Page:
Alcatel has halted development of its $6 billion, 80-satellite Skybridge internet-in-the-sky project because of a lack of demand for the broadband service.

Although the French telecommunications and internet specialist says the project is being postponed not abandoned, industry sources suggest that it will never go ahead due to unfavourable market conditions, the need for more capital and the fact that broadband requirements are being met by leased capacity on existing satellites.

Alcatel holds a 49.9% stake in the Low Earth Orbit (LEO) satellite project with other partners including Boeing, Thomson Multimedia and Toshiba. Alcatel's interest in the expensive programme has been waning for some time, with the manufacturer last year suggesting that rather than launching its own LEO satellites, Skybridge could lease capacity on other geostationary orbiting satellites.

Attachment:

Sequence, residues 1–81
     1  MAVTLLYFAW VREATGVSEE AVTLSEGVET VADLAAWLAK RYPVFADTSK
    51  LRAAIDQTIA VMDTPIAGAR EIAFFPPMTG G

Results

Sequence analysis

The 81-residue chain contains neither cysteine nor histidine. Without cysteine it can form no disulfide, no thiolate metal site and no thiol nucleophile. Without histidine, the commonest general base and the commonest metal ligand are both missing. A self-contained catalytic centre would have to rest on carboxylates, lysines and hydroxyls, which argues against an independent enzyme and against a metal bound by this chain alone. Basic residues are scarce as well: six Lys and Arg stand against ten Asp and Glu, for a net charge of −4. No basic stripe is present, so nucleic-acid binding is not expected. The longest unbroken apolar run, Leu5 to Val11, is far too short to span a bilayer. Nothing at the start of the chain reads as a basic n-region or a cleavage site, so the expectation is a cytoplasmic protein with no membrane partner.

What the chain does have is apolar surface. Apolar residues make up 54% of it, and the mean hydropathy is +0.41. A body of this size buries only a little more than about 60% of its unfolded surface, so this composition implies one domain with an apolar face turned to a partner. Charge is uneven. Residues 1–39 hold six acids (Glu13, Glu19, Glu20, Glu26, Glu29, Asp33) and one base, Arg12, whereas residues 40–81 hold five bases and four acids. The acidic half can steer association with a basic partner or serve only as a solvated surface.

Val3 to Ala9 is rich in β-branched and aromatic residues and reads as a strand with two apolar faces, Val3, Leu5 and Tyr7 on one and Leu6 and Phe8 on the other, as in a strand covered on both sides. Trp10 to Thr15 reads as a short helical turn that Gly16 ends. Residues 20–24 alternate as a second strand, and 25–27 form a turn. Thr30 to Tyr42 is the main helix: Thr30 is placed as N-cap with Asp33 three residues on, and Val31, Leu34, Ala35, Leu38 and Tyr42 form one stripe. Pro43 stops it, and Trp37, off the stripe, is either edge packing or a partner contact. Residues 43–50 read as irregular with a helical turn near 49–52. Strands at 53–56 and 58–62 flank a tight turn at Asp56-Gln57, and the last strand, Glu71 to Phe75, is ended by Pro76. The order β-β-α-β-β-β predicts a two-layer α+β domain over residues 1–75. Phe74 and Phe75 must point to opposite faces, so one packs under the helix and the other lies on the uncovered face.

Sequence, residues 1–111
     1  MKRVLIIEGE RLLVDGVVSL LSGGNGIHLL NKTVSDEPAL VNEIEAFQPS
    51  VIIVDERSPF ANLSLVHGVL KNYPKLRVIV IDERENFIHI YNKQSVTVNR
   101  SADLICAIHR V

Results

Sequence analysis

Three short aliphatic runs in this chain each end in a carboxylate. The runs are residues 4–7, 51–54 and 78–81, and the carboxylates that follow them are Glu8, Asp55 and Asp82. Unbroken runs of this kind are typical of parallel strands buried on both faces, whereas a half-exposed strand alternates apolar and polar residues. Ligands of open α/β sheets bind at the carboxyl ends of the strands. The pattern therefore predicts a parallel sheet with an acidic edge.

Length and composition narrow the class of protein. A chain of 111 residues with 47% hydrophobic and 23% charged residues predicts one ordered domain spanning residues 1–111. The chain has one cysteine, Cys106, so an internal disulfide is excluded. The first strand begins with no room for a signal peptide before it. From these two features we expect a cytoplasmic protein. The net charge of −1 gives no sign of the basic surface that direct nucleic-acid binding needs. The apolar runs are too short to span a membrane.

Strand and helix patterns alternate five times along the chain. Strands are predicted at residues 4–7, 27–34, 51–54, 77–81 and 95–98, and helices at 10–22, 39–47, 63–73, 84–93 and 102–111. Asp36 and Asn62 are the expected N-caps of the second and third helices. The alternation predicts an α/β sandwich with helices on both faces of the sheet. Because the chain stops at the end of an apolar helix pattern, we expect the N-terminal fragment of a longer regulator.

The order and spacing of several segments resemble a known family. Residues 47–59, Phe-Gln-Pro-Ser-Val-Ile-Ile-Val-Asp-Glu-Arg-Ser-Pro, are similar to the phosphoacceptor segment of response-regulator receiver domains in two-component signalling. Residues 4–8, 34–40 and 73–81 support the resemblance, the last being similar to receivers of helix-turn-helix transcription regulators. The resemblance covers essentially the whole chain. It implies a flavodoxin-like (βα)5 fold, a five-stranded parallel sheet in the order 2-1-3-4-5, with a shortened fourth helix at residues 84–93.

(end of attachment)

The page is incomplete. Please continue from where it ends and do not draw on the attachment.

The programme was established in 1997 in response to the launch of Bill Gates's Teledesic system, when the future of LEO systems looked bright. Initially expected to cost $3.5 billion, Alcatel predicted the system would have 15 million customers by 2006. The project has hit numerous delays, while costs have ballooned. Originally due for a 2002 service start, the first satellite launch slipped to 2004, while the number of planned satellites rose from 64 to 80.

The Skybridge move comes as Alcatel makes cuts across its business to reduce operating costs, and may shed a third of its workforce worldwide, including 450 space staff.

The loss of Skybridge is a blow to Boeing and the Euro-Russian Starsem company. Starsem was booked to launch 32 Skybridge satellites on 11 launches of the Soyuz Fregat, starting this year, while Boeing was assigned the launches of at least 40 satellites, on two Delta III and four Delta IV Medium launches.

Source: Flight International